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Wednesday, 19 July 2017

Red Cross starts roll out of 49 new services to tackle loneliness and isolation

Written by The Editorial Team

The British Red Cross has started rolling out brand new services to tackle loneliness & social isolation and is calling for people across the UK to join its teams providing vital support for up to 12,500 adults of all ages.

In response to its major research published in December, and funded by the Co-op, the Red Cross is introducing 49 new services in 39 locations in all four nations of the UK.

These are targeted in communities where it has identified particularly high levels of need, including big cities like London and metropolitan areas like Greater Manchester, right through to smaller, more remote areas like Shetland.

The services will be delivered by a team of more than 50 staff and over 500 volunteers offering direct, personalised support to help lonely and isolated people connect with others in their communities.

A study published in December by the Co-op and Red Cross revealed epidemic levels of loneliness and social isolation in the UK, with over nine million adults of all ages saying they feel always or often lonely. Changes common in many people’s lives – such as becoming a mother, getting divorced or separated, experiencing health and mobility issues, retiring or suffering bereavement – can be key triggers for loneliness. The impacts can be as damaging to health as smoking and obesity, and have been estimated to cost the NHS and other public services up to £12,000 per person over the next 15 years.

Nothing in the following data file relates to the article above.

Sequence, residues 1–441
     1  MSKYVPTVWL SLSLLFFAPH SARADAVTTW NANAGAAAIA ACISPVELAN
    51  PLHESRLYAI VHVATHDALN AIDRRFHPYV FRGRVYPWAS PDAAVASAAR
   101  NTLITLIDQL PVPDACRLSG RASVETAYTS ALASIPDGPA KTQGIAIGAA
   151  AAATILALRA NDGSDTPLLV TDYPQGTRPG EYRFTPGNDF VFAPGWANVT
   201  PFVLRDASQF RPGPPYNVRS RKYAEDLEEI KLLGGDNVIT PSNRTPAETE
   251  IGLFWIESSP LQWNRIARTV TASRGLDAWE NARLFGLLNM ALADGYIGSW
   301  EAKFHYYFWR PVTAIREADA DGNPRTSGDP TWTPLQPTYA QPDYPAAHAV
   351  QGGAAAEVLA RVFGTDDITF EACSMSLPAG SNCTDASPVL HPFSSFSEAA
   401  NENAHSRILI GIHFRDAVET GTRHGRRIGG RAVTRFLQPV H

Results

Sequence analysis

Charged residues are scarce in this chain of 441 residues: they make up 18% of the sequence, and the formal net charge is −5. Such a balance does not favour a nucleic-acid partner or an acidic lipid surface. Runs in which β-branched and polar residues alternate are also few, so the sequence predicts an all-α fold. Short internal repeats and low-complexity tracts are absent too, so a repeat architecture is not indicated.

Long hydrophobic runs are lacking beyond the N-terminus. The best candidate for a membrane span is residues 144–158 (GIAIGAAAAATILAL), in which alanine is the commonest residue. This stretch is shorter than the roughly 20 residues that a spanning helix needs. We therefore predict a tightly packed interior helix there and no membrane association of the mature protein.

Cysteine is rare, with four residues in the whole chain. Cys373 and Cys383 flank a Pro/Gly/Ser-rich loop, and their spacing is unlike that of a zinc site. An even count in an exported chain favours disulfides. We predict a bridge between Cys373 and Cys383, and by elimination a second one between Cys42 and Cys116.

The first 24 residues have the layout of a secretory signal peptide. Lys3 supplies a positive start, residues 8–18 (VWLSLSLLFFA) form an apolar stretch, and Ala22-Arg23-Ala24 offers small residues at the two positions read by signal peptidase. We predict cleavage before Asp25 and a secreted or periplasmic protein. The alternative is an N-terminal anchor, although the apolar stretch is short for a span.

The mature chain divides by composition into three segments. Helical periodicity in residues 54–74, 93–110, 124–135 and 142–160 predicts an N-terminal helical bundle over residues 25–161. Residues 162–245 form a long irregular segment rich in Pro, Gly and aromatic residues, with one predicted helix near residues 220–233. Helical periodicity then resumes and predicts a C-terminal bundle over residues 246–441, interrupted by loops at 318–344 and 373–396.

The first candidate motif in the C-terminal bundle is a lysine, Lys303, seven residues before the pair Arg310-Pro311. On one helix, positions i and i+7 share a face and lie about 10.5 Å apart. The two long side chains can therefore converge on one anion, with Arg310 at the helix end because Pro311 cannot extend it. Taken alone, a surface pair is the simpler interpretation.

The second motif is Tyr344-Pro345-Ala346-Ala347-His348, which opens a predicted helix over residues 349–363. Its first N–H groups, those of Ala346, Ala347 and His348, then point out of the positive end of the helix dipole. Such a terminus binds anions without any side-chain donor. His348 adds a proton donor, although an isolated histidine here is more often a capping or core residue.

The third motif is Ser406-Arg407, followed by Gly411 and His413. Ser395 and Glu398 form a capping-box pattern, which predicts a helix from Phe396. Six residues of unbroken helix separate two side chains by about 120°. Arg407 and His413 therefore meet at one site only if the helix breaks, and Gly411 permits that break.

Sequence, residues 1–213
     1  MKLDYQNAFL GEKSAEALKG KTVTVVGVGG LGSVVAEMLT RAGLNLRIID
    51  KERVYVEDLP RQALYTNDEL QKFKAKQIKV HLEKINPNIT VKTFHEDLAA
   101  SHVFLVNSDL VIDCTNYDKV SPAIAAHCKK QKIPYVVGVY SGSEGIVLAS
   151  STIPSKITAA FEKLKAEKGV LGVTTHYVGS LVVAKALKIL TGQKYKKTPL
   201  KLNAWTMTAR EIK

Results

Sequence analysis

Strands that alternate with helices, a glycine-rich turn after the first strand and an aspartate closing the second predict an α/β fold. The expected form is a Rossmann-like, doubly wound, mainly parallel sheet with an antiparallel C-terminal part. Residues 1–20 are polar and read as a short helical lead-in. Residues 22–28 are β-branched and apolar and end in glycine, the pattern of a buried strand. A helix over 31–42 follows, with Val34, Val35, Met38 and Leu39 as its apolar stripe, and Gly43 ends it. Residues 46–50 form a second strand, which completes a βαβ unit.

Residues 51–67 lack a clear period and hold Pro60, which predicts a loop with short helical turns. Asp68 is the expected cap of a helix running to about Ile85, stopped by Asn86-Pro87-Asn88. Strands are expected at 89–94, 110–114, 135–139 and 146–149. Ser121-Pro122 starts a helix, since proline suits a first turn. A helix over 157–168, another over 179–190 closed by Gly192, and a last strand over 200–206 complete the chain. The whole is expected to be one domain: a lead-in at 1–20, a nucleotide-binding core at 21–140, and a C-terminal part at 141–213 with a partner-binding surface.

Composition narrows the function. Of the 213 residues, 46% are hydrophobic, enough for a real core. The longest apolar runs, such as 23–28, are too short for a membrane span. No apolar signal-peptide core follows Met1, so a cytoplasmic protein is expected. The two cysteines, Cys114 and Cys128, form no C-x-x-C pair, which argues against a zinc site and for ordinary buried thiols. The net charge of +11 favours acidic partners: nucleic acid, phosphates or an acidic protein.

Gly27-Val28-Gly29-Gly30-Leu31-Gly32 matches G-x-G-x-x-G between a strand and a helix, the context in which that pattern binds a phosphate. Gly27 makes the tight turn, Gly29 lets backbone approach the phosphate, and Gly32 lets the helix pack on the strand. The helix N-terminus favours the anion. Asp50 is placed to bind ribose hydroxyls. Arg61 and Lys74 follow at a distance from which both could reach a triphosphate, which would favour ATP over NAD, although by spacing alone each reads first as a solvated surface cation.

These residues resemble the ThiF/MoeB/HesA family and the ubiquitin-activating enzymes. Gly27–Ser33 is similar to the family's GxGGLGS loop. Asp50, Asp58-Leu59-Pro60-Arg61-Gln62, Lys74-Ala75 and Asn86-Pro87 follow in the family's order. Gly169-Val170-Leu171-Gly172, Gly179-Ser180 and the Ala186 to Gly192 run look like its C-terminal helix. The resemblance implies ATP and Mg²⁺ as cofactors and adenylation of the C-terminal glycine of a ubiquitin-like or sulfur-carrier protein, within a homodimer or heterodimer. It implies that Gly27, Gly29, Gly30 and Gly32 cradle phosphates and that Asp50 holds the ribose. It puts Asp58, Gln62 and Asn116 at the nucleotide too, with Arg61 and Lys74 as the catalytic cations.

In response to this research, Co-op members and colleagues have so far raised £6 million to tackle this issue in partnership with the British Red Cross; a partnership today celebrating its 2nd anniversary.

Case Study

20 year old Vicky Day (pictured) is just one of the national team of new Community Connectors who will offer practical help and emotional support to people who are lonely and isolated. This will involve helping them to discover local activities and services and enjoy the benefits of feeling more involved in their area.

Vicky was supported by the Red Cross when she was left housebound after a car accident at the age of 19. She is now turning that experience into a positive by taking up a role as one of the youngest staff members to join the new Community Connector service.

Vicky said: “When I saw the role I knew straight away that I had to apply. It was something that I’ve experienced first-hand – the loneliness and social isolation after my accident. They did so much for me in my recovery and they were what kept me going when I was feeling isolated. I want to help people who may have gone through similar experiences to me. The Red Cross did that for me and now I get to do that for other people, via the Red Cross.”

Further volunteers from all over the UK are needed to support these new services. Requiring a commitment of just a couple of hours a week, volunteer support will be invaluable in helping lonely people feel more confident and able to reconnect with their community.

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